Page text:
5 TYPES OF ACTIVITIES TO BE PERFORMED WITH AUTISTIC CHILDREN

in #english6 years ago

Autism spectrum disorder (ASD) is a neurological condition that affects one in 160 children in Mexico, according to the World Health Organization. The characteristics of children and adults with autism are extremely varied (depending on the type and level of presence), but there are several generalities. Among the most remarkable, we can see that they are completely immersed in their inner world, do not look in the eyes, have problems communicating, are hypersensitive to sensory stimuli and have a hard time relating affectionately, even with their parents and family members.

The inner world of an autistic person is a mystery and they are always abstracted in it, with small and slow "exits" to the outside. For this reason, regardless of the age they have, it is complex and particular to relate to them and have, for example, playful and fun activities. The characteristics of these activities are very specific, but fortunately there are many that can be practiced. Here is a list of five activities you can do at any time.

1) Replay games.

Autistic children enjoy repetition activities where routines and shifts have been established. As in everyday life, autism is better coped with when creating comfort zones with schedules and specific activities that become part of the daily life of people with ASD. So for these cases, you can set specific moments to take a walk or read a book, or play games where the repetitive has a main role, for example, drawing in turns, imitation games, outdoor races or photographing objects and people . One of the peculiarities of autism is that certain "rituals" are established, and therefore, they must be encouraged and respected so that communication is achieved with empathy.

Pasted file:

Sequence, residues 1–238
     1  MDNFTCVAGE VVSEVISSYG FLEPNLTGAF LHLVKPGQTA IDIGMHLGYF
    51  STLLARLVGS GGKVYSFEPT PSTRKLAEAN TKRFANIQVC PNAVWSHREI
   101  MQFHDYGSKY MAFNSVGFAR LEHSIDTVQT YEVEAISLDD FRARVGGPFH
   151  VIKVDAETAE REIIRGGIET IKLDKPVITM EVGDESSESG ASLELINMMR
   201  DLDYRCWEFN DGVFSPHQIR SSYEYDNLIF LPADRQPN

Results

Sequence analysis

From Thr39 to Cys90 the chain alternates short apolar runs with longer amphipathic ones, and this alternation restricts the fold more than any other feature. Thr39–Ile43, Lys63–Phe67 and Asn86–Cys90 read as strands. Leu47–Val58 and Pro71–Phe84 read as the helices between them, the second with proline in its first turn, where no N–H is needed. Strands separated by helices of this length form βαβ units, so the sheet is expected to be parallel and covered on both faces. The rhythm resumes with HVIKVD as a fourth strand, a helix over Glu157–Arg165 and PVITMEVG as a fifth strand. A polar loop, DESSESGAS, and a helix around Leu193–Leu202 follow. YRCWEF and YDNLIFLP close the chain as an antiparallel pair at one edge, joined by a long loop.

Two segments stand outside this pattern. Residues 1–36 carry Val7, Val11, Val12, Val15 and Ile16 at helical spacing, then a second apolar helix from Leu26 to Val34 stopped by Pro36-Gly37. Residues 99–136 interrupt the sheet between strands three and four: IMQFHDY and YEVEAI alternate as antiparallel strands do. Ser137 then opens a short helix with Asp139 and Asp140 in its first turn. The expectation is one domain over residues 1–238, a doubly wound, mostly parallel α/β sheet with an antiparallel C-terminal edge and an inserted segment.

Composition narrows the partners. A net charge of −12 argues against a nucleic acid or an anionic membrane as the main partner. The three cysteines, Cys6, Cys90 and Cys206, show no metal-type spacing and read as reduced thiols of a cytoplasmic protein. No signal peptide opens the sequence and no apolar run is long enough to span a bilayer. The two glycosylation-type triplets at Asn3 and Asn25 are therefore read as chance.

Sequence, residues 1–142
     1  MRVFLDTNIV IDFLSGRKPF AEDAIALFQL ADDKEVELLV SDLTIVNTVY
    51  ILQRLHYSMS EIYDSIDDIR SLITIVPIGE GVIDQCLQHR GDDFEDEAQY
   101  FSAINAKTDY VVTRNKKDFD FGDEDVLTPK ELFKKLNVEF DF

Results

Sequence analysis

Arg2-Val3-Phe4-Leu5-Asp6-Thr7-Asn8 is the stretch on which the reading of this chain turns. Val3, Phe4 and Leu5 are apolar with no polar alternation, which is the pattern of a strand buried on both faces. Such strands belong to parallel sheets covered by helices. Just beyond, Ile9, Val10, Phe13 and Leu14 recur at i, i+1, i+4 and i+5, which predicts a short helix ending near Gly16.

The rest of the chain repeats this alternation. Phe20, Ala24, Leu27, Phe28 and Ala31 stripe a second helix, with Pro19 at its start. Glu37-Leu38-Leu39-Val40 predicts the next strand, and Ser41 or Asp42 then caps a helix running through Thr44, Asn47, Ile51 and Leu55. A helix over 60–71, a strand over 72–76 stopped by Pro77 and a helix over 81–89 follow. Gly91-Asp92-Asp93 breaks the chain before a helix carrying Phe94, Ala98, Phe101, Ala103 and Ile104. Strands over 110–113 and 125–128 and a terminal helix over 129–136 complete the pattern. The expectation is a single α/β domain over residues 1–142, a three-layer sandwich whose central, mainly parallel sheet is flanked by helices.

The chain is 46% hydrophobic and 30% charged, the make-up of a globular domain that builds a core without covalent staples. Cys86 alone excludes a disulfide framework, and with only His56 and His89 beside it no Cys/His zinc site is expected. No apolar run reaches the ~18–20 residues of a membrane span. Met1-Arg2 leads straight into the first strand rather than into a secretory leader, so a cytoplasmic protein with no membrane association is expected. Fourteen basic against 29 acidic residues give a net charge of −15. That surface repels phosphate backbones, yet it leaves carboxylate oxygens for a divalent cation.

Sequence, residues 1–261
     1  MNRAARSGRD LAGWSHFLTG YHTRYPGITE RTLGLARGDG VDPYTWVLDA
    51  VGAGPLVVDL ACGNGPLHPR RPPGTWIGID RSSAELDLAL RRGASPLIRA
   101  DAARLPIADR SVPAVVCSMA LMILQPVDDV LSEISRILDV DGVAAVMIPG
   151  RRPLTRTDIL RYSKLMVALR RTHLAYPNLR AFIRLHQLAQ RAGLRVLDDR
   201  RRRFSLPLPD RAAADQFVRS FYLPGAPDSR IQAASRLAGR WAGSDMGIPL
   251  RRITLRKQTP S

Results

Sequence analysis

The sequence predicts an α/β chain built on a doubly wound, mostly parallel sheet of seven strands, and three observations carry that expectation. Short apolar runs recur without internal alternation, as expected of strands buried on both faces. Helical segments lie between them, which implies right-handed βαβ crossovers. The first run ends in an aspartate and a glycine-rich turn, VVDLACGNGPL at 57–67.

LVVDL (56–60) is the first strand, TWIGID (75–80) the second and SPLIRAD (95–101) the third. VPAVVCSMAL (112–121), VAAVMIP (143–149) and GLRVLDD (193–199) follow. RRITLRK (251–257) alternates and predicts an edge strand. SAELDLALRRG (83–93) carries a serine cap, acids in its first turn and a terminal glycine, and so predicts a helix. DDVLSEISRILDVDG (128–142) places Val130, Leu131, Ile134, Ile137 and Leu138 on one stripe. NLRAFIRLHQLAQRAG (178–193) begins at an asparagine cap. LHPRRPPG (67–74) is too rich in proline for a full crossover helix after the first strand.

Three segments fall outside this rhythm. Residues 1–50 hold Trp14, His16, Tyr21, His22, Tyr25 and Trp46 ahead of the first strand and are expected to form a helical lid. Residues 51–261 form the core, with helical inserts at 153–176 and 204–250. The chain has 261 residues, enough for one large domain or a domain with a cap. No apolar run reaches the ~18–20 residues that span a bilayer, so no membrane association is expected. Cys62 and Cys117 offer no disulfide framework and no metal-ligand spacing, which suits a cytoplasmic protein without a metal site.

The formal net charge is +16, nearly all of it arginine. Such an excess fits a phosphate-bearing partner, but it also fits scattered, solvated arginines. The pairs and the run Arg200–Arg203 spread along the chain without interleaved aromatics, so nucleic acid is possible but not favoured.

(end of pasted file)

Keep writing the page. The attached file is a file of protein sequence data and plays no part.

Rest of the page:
2) Concentration activities.

The games you propose should "catch" the child's attention, as it is common for them to become easily distracted or not to acquire that concentration. Find items that appeal to you, for example, your favorite objects or preferred dynamics, and use them to create around them. If the child has special toys, turn them into protagonists, since it is likely that if you insert a new item you can not get their attention. One way to know if boredom is dominating you is if you stop concentrating your gaze, look everywhere, get impatient or irritated, or just get up and walk away. In these cases, do not force him to stay.

3) Activities in comfortable environments.

Autistic children develop better confidence and develop better in the spaces they already know and where they feel comfortable. These places can be from rooms to very peculiar spaces like under the blankets, behind the wardrobe or in a "fort" built with their own toys or containers. Take advantage of these places to propose to play, and include yourself in them but carefully, without feeling invaded, because anything that makes you feel uncomfortable will divert your attention and could make you bad. Once you are there, propose inclusive and participatory activities that do not confront or expose, for example, only you and him without having an audience of more people.

4) Give him his time and do not do things for him.

This part is essential to do anything. Do not despair if even the simplest games are delayed or diverted. Remember that other things that you do not perceive are happening in your mind and you need your time to feel focused on external goals. If you start doing things for him, the only thing you will achieve is that he does not feel included and loses interest in following the game. It is one thing to set the example (which is very necessary) but another, very different, is to take its place.

5) Musical dynamics.

Music has so much power that it will be your best ally when performing activities with an autistic child. Begin with steps: first identify which musical genre you like the most, which one you smile with and do not express yourself uncomfortable; then you can sing the lyrics and invite him to follow you or repeat rhythms and sounds with the palms or improvised instruments; and then, if the attention is at its peak, encourage dance movements that go from the simple and quiet to let him show his vitality and joy with jumping or shouting. Without a doubt, they will have an incredible time.

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